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Personal Value Trumps Business Value

November 5, 2013
Posted by Susan Weissman


For many years, marketers followed the adage of communicating benefits, not features. Tell your customer what’s in it for them. Right? Wrong. We weren’t going far enough. All of the research now tells us that one of the biggest mistakes B2B marketers make is communicating business values (which drives consideration)  without communicating the “personal values” inherent in buying the product or service you’re selling.

So what is the difference? Business values are functional benefits and business outcomes. They speak to your mind,  not your heart. I know we all want to believe we’re making very logical decisions based on data. And yes, we need to check the data and make sure we’re getting the basic characteristics we are looking for. But all the research indicates that even when we are making multi-million dollar decisions, we are making them based on emotions. The emotions can be categorized into three personal values (according to CEB/Motista Survey):  professional benefits (I will look good, smart, maybe I’ll get a promotion); social benefits (everyone is doing it, this is a popular trend, I feel like I’m in the know moving in this direction) and emotional benefits (I feel confident, safe, empowered by purchasing from this organization).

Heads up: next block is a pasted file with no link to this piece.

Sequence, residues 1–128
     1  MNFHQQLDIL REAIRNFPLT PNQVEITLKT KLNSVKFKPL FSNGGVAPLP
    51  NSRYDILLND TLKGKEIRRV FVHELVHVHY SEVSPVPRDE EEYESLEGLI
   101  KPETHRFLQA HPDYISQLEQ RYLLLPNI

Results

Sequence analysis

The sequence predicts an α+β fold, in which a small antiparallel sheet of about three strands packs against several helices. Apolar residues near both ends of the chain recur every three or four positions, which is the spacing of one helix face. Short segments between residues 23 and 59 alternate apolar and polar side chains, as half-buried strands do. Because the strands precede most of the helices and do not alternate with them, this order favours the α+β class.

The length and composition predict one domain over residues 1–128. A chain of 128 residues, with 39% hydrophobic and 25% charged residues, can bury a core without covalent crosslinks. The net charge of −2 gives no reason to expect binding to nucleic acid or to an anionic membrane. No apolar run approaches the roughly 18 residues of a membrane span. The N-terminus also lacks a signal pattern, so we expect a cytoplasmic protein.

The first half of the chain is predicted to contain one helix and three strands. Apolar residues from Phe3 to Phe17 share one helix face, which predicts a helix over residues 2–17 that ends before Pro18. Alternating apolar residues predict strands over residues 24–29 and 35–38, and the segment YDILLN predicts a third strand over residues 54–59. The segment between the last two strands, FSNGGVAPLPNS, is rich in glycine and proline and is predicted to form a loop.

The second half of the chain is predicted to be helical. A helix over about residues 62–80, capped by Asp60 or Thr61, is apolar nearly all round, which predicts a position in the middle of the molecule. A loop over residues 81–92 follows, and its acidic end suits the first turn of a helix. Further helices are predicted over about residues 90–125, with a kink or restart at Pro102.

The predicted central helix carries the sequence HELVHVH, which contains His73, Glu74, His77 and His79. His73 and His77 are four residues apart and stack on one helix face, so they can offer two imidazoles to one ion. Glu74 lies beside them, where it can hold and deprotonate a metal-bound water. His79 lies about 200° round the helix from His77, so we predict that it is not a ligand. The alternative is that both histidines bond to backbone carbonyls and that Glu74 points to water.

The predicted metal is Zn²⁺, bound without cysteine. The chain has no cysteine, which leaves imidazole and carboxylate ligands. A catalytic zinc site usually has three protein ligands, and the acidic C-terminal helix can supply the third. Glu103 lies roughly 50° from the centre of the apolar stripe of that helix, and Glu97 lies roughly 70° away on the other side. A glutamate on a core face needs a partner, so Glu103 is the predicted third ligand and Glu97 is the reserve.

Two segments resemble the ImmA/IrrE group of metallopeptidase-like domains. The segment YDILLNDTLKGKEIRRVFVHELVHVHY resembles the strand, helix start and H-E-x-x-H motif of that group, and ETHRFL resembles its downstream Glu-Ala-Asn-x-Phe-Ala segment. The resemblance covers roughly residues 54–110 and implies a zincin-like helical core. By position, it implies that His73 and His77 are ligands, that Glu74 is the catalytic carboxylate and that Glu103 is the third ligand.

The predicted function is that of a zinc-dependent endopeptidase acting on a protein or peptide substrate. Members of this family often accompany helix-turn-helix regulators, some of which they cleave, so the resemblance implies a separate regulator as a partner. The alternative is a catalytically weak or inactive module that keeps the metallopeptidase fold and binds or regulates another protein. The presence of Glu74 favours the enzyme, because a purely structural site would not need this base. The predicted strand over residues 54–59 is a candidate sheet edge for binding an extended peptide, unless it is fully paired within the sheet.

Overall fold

It’s extra work to get to the personal value. You need to think about what your customer needs and wants, what problem she is dealing with and how your service or product helps to solve that problem. If you can translate your business values into personal values — you’ve got gold.

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